In another surprise, Boris Johnson, the United Kingdom’s Prime Minister, announced that Queen Elizabeth had agreed to a sudden, outside-the-box political idea. On August 28, Johnson said that he had asked the Queen to suspend Parliament for a month beginning in mid-September, with U.K. lawmakers reconvening on October 14. That would give Parliament two weeks to consider and approve a Brexit strategy. A no-deal Brexit – the kind Johnson favors – may have a better chance of passage under such a tight timeline.
Also notable: the decline in government bond yields in key countries. Demand for bonds has sent prices of government-issued notes higher, and as a result, their interest rates have declined. Last month, roughly a quarter of the global bond market was invested in government notes bearing negative yields.
Many foreign indices took August losses, but there were some exceptions. In Russia, the Moex advanced 0.20%, and in Canada, the TSX Composite gained 0.22%. Mexico’s Bolsa registered a major August gain, rising 4.31%.
The emerging markets were hard hit last month. In fact, MSCI’s Emerging Markets index took a 5.08% fall. MSCI’s World index lost 2.24%. Hong Kong was beset by unrest, and its Hang Seng benchmark dove 8.60% for the month. China’s Shanghai Composite fell 2.24%; South Korea’s Kospi, 3.48%; the Singapore STI, 7.28%. Even Japan’s Nikkei 225 slipped 4.63%. European benchmarks were also mostly in the red: Spain’s IBEX 35 was 1.93%; Germany’s DAX, 1.71%; the FTSE Eurofirst 300, 1.55%. The United Kingdom’s FTSE 100 tumbled 5.75% last month. France’s CAC 40 lost just 0.56%. Two losses to note in South America: Brazil’s Bovespa declined 0.67%, and Argentina’s Merval slid 41.49%.[10,11]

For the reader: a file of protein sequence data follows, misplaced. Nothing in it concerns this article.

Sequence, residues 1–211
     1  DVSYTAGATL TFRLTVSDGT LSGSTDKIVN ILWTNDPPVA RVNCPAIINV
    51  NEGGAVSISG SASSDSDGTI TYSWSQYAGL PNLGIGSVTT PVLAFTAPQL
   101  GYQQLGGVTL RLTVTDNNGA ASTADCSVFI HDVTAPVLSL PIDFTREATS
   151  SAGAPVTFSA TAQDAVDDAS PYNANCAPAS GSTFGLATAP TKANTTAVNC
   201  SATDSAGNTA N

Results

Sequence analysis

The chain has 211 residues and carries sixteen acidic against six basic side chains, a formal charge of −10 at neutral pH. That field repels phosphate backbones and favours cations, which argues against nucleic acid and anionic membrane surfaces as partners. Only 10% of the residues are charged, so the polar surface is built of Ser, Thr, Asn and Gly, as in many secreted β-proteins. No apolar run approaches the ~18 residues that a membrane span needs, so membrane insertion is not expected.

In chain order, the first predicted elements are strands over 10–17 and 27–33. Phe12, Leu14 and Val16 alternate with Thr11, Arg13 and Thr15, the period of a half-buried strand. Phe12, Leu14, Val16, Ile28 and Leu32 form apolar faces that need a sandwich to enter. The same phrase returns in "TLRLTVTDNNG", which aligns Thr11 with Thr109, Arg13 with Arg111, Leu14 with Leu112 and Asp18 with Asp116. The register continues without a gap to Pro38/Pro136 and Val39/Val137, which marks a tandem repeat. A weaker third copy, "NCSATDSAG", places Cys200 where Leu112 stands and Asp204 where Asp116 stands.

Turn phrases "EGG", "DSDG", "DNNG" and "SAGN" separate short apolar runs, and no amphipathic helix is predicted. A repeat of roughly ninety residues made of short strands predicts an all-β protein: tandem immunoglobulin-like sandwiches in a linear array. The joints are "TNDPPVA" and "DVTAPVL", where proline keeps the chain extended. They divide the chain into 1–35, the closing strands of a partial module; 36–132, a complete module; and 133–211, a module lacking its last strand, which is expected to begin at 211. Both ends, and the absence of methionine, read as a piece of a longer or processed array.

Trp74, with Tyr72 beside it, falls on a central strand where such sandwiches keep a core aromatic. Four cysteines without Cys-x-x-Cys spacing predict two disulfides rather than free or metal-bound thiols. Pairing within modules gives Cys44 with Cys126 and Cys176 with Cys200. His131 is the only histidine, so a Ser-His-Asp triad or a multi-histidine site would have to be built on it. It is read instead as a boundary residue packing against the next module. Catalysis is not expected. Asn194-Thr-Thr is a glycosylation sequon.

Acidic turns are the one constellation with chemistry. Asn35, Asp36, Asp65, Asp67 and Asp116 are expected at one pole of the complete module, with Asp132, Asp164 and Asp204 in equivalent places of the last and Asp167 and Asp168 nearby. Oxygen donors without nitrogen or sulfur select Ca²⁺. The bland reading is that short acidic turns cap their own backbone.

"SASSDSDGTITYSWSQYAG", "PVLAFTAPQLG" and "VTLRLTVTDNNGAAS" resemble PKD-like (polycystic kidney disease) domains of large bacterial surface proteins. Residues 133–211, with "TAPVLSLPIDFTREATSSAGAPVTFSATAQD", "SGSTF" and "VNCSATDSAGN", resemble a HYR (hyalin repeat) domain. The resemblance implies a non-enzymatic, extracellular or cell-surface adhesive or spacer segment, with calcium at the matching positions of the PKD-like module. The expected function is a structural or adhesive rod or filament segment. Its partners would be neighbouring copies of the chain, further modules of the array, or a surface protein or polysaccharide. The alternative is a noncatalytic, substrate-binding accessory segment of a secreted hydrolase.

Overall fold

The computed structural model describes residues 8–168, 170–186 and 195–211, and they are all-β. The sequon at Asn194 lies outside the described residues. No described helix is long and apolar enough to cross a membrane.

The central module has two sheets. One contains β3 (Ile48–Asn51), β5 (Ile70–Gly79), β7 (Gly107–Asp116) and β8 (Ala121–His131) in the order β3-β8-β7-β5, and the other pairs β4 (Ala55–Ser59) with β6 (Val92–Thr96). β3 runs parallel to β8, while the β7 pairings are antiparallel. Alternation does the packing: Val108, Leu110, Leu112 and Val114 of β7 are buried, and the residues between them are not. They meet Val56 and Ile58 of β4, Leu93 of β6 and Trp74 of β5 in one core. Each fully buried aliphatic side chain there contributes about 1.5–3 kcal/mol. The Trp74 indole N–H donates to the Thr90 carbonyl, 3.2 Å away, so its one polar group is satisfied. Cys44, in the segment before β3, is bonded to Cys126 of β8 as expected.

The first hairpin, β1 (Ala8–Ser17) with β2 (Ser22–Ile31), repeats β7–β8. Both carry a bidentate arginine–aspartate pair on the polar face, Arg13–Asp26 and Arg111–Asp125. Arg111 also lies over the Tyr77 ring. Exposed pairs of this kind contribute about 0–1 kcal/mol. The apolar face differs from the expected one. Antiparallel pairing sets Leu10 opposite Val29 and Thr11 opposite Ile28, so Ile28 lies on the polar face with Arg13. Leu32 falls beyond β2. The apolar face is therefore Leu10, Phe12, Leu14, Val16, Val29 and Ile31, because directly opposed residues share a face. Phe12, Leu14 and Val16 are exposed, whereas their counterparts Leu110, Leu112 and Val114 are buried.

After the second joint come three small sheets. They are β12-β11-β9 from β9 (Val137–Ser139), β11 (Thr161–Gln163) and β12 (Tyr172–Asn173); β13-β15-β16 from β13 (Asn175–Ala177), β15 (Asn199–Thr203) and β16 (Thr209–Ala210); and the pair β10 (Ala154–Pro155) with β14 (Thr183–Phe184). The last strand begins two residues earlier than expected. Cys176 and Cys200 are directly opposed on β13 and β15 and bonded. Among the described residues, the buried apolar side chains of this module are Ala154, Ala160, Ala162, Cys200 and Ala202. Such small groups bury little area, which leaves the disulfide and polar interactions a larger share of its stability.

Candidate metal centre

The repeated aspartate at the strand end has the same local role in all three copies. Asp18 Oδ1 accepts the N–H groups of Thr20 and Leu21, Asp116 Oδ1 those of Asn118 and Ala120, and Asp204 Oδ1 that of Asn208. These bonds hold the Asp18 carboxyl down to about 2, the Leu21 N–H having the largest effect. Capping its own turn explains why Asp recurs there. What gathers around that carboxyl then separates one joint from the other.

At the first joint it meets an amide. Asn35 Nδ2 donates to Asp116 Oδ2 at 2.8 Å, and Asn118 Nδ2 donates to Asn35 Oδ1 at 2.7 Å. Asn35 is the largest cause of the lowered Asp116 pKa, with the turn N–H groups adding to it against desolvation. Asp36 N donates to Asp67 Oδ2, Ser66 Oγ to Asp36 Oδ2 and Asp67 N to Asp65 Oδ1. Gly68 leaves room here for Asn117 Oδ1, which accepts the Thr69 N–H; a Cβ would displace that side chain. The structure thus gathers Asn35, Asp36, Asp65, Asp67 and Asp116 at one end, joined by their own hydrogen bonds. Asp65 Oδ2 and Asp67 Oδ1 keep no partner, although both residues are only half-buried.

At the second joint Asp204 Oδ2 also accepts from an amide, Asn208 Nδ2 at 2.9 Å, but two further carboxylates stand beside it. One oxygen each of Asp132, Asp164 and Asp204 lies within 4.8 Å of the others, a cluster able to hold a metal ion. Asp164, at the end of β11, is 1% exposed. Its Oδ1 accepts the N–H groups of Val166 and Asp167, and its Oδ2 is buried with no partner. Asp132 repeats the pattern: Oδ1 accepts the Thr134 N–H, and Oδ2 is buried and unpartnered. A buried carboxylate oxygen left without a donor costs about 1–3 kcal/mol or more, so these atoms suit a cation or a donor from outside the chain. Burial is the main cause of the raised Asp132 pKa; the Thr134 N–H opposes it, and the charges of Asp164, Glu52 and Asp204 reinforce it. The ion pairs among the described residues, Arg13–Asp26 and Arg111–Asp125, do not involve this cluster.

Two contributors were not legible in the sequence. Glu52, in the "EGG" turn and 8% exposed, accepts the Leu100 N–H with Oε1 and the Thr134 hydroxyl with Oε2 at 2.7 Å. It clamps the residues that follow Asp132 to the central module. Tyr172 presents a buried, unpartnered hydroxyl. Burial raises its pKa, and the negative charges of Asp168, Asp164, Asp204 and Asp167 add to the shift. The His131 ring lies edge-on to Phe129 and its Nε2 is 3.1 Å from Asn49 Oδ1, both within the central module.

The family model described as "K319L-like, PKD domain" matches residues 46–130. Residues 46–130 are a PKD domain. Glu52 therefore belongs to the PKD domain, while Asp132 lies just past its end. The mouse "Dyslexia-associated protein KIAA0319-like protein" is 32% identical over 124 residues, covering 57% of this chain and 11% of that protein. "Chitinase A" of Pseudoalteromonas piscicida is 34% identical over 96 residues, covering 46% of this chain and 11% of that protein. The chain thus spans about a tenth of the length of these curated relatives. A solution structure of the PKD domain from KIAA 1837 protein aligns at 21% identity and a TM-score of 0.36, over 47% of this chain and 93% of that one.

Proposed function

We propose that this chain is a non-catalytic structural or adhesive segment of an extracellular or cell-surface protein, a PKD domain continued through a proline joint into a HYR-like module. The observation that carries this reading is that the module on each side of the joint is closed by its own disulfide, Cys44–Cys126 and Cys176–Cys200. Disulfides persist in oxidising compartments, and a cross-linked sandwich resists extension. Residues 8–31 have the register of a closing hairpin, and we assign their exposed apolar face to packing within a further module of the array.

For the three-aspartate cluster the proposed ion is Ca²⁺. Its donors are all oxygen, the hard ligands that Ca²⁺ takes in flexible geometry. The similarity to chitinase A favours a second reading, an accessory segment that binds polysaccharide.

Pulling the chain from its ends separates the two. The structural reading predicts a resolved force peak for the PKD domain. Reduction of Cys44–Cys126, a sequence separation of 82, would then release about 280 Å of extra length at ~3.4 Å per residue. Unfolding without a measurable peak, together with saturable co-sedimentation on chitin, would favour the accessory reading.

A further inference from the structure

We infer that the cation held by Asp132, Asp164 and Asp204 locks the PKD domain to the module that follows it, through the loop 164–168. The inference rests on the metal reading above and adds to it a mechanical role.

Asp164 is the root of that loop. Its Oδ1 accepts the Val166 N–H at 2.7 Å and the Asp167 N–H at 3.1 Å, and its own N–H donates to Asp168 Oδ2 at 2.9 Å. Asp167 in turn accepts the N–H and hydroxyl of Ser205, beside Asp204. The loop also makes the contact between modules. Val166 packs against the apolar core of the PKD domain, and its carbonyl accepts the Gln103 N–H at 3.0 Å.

At the closing bell on the month’s last trading day (August 30), an ounce of gold was worth $1,529.20 on the New York Mercantile Exchange; an ounce of silver, $18.48. Gold gained 7.76% in August, and silver, 12.92%. Another key precious metal, platinum, advanced 6.86%. One of the world’s key semi-precious metals, copper, fell 4.43% last month.
West Texas Intermediate crude oil ended August at $55.16 per barrel on the NYMEX, down 4.72% on the month. The value of unleaded gasoline fell 19.68%. Heating oil lost 6.42%, but natural gas increased 1.83%. Turning to crops, losses were prevalent: soybeans lost 0.61%; coffee, 5.23%; cotton, 6.86%; wheat, 7.50%; cocoa, 7.53%; sugar, 8.19%; corn, 10.81%. The U.S. Dollar Index rose 0.41% for the month to 98.92.[12,13]